This paper provides a broad empirical analysis of the determinants of post-conflict economic transitions across the world during the period 1960–2010, using a dynamic panel estimation approach based on the system-generalized method of moments. In addition to an array of demographic, economic, geographic, and institutional variables, we introduce an estimated risk of conflict recurrence as an explanatory variable in the growth regression, because post-conflict countries have a tendency to relapse into subsequent conflicts even years after the cessation of violence. The empirical results show that domestic factors, including the estimated probability of conflict recurrence, as well as a range of external variables, contribute to post-conflict economic performance.
This paper proposes a framework for updating the PRGT eligibility list, based on transparent criteria and a regular review process, including policies for phasing in changes in eligibility. The premise is that access to scarce resources for concessional Fund financing should be preserved for members with a low level of income and related economic and financial vulnerabilities. From this perspective, there are several potential anomalies in the current eligibility list, which has been established primarily on the basis of IDA eligibility, and was last reviewed in 2003.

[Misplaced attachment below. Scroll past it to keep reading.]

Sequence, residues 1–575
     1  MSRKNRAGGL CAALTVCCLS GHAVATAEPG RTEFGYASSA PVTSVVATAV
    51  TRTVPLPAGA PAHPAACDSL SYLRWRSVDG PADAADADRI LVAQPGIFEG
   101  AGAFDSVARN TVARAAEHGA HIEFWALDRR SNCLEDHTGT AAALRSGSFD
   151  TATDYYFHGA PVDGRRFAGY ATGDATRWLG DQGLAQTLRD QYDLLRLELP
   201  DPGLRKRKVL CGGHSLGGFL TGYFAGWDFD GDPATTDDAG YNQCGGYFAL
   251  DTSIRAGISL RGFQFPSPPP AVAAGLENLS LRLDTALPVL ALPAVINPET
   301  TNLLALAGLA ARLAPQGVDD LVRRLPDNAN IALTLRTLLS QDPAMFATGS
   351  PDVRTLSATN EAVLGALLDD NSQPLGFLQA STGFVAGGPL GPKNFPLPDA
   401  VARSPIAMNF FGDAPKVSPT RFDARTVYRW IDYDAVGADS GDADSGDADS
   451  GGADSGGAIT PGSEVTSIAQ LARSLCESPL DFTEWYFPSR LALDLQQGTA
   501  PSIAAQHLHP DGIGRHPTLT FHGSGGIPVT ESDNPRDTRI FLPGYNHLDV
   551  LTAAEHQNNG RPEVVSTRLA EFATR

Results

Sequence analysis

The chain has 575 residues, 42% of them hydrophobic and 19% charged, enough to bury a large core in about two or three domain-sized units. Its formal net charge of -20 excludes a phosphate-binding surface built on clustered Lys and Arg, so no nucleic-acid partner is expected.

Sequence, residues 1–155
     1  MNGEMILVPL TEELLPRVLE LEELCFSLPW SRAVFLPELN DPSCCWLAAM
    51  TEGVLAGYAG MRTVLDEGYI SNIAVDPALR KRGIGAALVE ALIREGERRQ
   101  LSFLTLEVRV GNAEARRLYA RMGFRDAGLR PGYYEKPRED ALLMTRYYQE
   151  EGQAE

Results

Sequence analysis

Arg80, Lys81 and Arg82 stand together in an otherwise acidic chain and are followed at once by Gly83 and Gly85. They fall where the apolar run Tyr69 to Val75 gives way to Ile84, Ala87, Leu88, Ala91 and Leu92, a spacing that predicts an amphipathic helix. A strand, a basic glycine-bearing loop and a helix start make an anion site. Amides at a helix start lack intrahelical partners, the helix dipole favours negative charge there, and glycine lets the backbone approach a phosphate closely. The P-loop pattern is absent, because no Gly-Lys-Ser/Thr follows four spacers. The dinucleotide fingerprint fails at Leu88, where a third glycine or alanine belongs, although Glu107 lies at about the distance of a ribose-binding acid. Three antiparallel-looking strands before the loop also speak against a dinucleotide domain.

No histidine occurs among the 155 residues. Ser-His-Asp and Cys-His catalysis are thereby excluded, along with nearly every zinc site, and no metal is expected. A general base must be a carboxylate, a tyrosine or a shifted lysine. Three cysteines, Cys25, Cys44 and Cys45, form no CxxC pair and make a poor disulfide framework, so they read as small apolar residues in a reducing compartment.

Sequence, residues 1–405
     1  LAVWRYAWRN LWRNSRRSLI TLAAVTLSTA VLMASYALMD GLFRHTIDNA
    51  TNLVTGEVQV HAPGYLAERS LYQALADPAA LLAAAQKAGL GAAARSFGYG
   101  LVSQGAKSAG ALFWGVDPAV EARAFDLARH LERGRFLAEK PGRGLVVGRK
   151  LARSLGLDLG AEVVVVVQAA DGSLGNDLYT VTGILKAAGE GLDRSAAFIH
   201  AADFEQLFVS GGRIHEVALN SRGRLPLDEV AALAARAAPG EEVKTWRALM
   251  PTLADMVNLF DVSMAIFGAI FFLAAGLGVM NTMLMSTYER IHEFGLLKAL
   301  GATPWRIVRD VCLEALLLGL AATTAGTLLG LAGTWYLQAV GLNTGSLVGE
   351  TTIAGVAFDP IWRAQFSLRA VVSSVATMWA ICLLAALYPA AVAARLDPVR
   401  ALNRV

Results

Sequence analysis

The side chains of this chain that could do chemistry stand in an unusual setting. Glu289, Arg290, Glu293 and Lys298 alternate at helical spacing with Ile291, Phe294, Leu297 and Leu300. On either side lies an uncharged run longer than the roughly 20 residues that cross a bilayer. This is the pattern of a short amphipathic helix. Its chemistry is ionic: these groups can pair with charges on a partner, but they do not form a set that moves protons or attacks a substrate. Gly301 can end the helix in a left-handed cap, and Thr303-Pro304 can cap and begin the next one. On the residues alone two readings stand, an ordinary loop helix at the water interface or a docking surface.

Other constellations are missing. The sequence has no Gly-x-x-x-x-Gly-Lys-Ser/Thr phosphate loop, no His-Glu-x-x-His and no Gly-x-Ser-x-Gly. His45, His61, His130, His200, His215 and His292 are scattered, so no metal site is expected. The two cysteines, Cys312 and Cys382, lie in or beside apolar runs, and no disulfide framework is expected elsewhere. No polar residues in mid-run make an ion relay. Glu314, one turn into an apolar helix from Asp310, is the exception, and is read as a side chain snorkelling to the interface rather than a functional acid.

This paper discusses the robust growth that continues in most Central and Southeastern European economies as well as in Turkey. Accommodative macroeconomic policies, improving financial intermediation, and rising real wages have been behind the region’s mostly consumption-driven rebound, while private investment remained subdued. In the near-term, strong domestic demand is expected to continue supporting growth amid continued low or negative inflation. The Russian economy went through a sharp contraction last year amid plunging oil prices and sanctions. Other CIS countries were hurt by domestic political and financial woes, as well as by weak demand from Russia. In 2016, output contraction is projected to moderate to around 1½ percent from 4¼ percent in 2015 as the shocks that hit the CIS economies gradually reverberate less and activity stabilizes. In the baseline, a combination of supportive monetary policy and medium-term fiscal consolidation remains valid for many economies in the region.
Ms. Claudia H Dziobek, Mr. Alberto F Jimenez de Lucio, and Mr. James A Chan
This note addresses the following main issues: • Statistical definitions of government (Government Finance Statistics Manual 2001) • Institutional structure of government and public sector • What is a precise definition of government and why it is relevant • Potential pitfalls of lacking a precise definition of government • Definitions of government in IMF-supported programs • Applications for fiscal rules and other fiscal policy design